These moves fill all of the Astros most gaping holes, though GM Jeff Luhnow insists that they are still hunting a top of rotation starting pitcher (yay!), and it does so without locking the club into budget-crippling contracts or giving up high draft picks.

Because of these moves, pundits are already lauding the Astros as pushing themselves into the small and elite cadre of “best clubs in baseball.”

Current Projected Lineup:

CF: George Springer (R)
3B: Alex Bregman (R)
2B: Jose Altuve (R)
SS: Carlos Correa (R)
RF: Josh Reddick (L)
1B: Yuli Gurriel
DH: Evan Gattis (R)
C: Brian McCann (L)
LF: Nori Aoki (L)

No doubt, this isn’t an “everyday” lineup. The Astros will shuffle around like mad, and like always. A.J. Reed will see plenty of playing time at 1B and DH, which will move Yuli into the outfield. The Astros will often be loath to have both McCann and Gattis in the lineup together frequently, unless they plan to carry Max Stassi as a backup catcher on their bench (a possibility).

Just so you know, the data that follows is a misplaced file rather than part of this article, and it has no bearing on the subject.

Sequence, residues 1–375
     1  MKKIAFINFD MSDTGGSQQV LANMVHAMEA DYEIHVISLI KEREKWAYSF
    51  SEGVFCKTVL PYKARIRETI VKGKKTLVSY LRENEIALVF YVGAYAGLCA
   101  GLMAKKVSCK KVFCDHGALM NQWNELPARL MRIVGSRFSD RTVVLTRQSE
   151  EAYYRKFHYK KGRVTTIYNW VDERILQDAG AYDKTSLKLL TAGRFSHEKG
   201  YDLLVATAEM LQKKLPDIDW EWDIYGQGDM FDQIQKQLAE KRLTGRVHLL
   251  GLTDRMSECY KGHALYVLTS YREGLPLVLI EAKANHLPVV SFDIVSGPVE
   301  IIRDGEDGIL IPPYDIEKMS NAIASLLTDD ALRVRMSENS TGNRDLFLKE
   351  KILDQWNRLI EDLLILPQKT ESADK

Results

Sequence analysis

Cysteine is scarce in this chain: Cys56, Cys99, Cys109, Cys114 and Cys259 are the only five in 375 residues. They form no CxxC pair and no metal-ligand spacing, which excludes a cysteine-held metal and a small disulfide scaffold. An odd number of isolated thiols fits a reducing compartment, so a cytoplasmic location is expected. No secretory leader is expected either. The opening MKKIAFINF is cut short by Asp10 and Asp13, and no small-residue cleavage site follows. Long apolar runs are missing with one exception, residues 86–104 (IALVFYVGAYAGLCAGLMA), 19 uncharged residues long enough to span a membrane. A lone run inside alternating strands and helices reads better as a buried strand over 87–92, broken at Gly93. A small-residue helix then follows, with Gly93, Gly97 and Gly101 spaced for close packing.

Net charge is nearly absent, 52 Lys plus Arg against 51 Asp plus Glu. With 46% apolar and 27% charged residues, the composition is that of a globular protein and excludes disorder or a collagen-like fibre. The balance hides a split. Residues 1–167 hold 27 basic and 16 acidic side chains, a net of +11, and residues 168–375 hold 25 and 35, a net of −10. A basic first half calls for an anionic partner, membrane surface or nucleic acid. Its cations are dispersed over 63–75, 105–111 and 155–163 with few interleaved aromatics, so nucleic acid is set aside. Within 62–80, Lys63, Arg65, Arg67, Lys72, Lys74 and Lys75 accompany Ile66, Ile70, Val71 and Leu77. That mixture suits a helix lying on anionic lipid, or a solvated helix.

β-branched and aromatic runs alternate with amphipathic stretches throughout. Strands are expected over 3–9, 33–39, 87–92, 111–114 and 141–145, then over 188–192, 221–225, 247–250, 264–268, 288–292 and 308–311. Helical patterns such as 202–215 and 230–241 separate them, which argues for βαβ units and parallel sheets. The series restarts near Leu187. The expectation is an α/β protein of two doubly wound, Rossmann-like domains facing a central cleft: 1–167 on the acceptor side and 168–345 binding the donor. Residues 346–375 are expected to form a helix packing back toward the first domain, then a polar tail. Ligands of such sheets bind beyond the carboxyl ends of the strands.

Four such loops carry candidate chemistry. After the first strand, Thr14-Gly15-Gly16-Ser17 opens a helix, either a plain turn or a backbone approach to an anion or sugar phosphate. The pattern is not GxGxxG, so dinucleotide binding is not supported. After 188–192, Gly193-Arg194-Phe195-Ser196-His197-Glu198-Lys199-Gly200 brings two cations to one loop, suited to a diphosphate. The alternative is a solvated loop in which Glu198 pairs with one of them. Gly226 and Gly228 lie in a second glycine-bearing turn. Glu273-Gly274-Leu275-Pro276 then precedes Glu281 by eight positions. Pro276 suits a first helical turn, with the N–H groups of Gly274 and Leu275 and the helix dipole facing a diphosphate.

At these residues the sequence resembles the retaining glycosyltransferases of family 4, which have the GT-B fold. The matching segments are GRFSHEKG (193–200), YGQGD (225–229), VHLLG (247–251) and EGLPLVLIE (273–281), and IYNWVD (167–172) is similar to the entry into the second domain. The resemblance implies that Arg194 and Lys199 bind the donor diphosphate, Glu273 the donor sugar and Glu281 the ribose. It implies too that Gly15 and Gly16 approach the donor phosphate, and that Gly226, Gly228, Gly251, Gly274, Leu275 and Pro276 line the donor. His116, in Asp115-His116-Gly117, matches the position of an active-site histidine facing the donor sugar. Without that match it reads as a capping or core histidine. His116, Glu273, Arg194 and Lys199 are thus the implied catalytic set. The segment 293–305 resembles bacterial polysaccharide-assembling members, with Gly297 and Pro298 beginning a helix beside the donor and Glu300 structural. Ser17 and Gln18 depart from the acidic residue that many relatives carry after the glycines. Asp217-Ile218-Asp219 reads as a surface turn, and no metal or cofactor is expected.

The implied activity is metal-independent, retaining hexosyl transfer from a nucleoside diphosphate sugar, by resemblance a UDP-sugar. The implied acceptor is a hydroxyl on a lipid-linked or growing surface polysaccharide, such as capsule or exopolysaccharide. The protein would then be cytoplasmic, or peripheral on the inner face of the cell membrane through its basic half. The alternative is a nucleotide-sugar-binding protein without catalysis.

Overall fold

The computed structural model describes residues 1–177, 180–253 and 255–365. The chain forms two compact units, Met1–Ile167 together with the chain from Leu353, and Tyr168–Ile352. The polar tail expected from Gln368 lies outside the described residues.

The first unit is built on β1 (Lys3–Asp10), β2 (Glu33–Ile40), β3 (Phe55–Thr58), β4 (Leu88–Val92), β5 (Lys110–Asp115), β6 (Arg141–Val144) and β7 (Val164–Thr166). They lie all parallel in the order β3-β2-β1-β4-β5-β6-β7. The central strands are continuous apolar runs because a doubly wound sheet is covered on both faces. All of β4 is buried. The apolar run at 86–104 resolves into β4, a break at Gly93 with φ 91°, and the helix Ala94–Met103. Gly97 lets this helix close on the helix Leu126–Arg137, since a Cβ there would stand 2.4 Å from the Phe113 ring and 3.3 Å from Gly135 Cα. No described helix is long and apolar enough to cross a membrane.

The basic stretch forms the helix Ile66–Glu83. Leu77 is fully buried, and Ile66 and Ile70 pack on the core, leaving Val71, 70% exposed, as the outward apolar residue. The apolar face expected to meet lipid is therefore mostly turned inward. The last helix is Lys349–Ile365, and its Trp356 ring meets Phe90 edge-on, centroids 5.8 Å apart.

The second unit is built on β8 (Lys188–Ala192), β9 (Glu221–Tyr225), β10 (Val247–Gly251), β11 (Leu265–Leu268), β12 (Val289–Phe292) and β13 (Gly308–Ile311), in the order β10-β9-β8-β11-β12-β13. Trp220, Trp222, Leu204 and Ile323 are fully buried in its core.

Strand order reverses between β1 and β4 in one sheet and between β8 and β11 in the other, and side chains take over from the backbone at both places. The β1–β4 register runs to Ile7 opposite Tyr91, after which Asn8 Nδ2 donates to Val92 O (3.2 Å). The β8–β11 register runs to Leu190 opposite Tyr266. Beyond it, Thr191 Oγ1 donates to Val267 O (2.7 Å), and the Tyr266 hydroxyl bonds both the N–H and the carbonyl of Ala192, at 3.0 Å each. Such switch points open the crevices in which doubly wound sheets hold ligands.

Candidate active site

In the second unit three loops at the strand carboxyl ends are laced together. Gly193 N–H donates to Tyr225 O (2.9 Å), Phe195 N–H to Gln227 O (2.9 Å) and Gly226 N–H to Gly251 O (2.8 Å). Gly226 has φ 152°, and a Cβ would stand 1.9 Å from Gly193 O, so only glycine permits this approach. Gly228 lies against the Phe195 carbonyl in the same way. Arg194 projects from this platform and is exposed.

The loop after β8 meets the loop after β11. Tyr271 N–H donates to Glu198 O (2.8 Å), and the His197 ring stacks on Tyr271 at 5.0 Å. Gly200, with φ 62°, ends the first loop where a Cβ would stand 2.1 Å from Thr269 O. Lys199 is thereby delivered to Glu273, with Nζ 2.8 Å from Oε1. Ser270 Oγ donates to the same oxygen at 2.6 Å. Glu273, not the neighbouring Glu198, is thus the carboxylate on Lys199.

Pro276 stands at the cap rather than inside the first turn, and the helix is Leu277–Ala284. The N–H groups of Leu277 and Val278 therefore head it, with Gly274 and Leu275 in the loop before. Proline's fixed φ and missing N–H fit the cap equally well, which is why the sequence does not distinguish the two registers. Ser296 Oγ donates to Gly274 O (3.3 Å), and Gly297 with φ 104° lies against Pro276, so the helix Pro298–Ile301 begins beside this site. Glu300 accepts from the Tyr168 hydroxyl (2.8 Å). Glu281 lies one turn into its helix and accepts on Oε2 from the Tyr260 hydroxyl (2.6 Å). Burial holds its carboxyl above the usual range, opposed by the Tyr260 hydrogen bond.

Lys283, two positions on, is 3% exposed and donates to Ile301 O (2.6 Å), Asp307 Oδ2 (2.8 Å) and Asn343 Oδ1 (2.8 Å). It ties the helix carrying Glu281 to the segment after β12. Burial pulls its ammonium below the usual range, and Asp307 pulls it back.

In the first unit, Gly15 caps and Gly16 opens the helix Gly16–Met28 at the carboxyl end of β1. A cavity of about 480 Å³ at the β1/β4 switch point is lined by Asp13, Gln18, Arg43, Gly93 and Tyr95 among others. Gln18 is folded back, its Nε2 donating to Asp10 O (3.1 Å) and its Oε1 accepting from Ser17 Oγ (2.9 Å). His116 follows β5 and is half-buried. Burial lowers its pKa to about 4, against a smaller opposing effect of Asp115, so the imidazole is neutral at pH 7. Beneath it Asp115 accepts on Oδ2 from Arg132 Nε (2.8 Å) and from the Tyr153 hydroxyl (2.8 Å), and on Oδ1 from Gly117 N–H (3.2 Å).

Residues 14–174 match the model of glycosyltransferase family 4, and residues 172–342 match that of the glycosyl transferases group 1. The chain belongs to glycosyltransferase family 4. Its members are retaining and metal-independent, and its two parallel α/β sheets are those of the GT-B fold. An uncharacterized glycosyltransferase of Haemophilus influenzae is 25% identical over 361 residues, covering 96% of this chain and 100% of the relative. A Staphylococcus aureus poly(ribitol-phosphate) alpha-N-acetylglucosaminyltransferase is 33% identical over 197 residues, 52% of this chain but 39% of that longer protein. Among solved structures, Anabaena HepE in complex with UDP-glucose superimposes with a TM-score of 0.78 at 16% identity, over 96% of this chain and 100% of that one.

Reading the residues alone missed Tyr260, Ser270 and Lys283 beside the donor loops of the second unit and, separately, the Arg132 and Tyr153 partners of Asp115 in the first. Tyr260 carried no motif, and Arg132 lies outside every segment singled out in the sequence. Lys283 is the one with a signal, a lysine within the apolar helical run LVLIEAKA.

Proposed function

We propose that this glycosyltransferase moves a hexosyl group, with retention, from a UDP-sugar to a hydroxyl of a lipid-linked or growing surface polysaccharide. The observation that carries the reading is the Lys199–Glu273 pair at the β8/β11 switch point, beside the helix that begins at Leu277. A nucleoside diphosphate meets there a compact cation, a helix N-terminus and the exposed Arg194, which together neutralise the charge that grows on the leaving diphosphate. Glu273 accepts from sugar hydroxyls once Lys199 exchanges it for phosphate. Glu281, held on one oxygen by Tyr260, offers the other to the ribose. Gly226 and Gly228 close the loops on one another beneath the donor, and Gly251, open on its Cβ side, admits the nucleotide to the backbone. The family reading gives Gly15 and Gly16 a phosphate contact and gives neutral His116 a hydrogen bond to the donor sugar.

Current Projected Rotation:

SP: Dallas Keuchel
SP: Collin McHugh
SP: Lance McCullers
SP: Joe Musgrove
SP: Charlie Morton

Swing: Mike Fiers

Again, this seems likely to be in flux all season. These days, most clubs need at least ten viable starting pitchers to make it through the season. Barring trades, Morton and Fiers will both see plenty of starts. David Paulino certainly heads back to AAA in this case, where he only pitched fourteen innings last season. The Astros hope that his continued development will put them in the position of making hard decisions later in the season.